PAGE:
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June 26, 2020 / News & Blog
By Lisa Van Deman and Melanie Hatz Levinson, Kidzu Children’s Museum
Describe your museum in 2008 (size, location, years in operation, target audiences, whether it was undergoing expansion/renovation/other major change, financial health, etc.)
In 2008, Kidzu Children’s Museum was two years old and operating in its first location—a 2,400-square-foot storefront in downtown Chapel Hill. Having spent these years creating the visitor experience from a calendar of temporary exhibits, in 2008, Kidzu opened its first place-based original exhibit, Kidzoom: The Power of Creativity, which occupied the entire museum. The museum continued to serve between 30,000-35,000 visitors/year, with two and a half full-time professional staff, supplemented by work-study students from the University of North Carolina (UNC-Chapel Hill) and volunteers. Kidzu received several foundation grants and built a network of community partnerships, leveraging outside expertise to help create the museum experience and extend it beyond our walls. We worked extensively with the university, not only supporting numerous students and unpaid interns, but also working with the School of Education and its early learning research arm, The FPG Child Development Center.
As a university town, Chapel Hill was insulated from the economic fluctuations that occurred in other communities in 2008. However, by 2010, Kidzu leadership realized its prime property rental wasn’t sustainable long term, and began looking for other options. UNC, in the midst of creating a new master plan for its downtown properties, generously offered the museum a temporary home (three years) in a vacant, university-owned storefront several blocks down the street at no charge while we strategized our growth plan and continued to serve the community. So, in 2011, Kidzu packed up Kidzoom and moved down the street to its new location (1,800 square feet) until the university was ready to repurpose the building.
In 2014, our public library moved into its new building and its previous temporary location was offered to the museum for free. Kidzu moved into this 10,000-square-foot space in University Place, a shopping mall two miles from the UNC campus. After only a few months, the museum was asked to move again to a similarly sized space across the hall, to make room for a large, rent-paying multi-plex movie theater. Kidzu opened a pop-up in an empty suite as the mall built out our new home. We again relied on the creative and artistic expertise of our community to create a museum that prides itself on “serving, celebrating and reflecting the community Kidzu calls home.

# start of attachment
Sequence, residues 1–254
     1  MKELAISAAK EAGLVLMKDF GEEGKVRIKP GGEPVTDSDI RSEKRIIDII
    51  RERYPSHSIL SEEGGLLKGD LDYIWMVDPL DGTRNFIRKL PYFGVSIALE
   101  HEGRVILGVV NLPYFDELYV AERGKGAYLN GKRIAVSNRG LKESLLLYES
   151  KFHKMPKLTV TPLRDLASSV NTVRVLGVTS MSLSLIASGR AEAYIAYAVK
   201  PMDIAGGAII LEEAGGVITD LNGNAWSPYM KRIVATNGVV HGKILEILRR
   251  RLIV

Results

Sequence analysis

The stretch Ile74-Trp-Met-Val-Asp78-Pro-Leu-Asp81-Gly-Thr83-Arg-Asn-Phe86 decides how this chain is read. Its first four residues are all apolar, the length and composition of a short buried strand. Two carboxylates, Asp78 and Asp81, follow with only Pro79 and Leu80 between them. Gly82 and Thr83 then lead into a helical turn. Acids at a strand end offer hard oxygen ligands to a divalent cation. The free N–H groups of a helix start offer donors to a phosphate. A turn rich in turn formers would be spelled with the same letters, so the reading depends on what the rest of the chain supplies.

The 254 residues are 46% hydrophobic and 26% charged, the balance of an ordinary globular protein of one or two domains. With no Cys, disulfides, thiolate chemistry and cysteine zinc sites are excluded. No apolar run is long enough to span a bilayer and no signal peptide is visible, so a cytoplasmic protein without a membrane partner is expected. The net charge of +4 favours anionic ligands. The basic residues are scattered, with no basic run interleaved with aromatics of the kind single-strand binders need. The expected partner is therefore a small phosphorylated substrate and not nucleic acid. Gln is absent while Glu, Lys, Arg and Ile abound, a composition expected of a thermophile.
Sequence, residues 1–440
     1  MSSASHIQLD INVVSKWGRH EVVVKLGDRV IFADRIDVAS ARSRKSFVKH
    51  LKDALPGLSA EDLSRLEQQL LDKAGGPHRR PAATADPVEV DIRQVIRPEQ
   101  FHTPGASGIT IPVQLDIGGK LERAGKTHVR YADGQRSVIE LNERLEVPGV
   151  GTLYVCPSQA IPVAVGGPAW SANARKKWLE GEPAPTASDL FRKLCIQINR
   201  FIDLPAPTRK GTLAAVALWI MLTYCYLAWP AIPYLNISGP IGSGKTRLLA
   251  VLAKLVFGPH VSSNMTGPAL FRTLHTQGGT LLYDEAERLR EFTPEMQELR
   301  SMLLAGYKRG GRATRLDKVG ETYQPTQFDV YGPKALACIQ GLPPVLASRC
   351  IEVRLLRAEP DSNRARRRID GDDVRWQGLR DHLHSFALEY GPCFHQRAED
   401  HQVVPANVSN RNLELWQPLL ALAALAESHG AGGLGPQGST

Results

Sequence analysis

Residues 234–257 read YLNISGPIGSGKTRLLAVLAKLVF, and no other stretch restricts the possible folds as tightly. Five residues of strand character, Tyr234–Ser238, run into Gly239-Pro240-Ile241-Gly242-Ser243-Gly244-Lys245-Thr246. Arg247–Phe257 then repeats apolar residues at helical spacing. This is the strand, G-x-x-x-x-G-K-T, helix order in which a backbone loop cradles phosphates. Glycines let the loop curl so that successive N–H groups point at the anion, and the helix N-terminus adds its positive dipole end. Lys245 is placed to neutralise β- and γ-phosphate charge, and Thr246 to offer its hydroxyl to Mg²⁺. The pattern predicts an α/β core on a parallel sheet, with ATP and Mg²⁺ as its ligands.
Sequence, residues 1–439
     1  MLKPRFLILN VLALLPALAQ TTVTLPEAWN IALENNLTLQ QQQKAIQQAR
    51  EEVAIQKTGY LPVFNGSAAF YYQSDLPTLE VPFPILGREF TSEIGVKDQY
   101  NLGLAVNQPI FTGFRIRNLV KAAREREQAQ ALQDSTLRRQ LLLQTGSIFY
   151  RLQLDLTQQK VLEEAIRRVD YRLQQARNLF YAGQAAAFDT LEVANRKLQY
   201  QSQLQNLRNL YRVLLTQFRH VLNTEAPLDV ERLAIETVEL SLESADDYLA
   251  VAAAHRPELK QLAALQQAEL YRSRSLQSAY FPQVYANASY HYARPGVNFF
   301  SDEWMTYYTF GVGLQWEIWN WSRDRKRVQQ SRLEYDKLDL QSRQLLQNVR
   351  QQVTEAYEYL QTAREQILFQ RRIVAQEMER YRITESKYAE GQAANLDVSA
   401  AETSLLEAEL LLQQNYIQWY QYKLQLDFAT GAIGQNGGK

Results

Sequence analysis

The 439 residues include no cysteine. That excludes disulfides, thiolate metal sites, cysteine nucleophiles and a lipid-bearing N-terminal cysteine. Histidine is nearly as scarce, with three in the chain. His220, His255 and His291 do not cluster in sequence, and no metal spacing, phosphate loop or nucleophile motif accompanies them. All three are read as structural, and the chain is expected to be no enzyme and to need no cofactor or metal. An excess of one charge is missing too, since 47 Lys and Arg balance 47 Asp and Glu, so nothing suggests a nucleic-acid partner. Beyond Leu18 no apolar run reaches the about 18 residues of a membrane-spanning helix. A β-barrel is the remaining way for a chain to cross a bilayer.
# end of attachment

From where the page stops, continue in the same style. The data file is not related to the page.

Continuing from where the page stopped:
Even though your community was not heavily impacted by the recession, how did you plan for the viability and sustainability of your museum during these years of multiple relocations?
Throughout the museum’s early years and its many moves, board and staff continued to plan and fundraise for a permanent downtown location. Kidzu received a $1.5 million matching grant in 2012 from an international foundation with a Chapel Hill connection. With the significant income stream provided by this grant, the museum was able to explore a public/private partnership with the Town of Chapel Hill for a town-owned downtown space on the top deck of a parking garage. For a number of reasons, including structural issues, the location was ultimately not feasible. Fortunately, the museum was able to continue to work with the foundation to pivot their gift and use the funds to move into and operate our current University Place location.
While the 2008 recession had minimal impact on museum operations, the matching grant’s expiration in 2016 did. This grant had provided the impetus for an aggressive fundraising campaign of matching gifts and, as anticipated, its absence was keenly felt. Although we always knew the grant had an end date, its benevolent presence clouded our financial reality. When that funding ended, we had to make some serious changes, streamlining operations, not filling certain open positions and combining others. We restructured the board to include more members with broader networks, and developed a Museum Circle of community influencers who have helped open doors to new funding opportunities.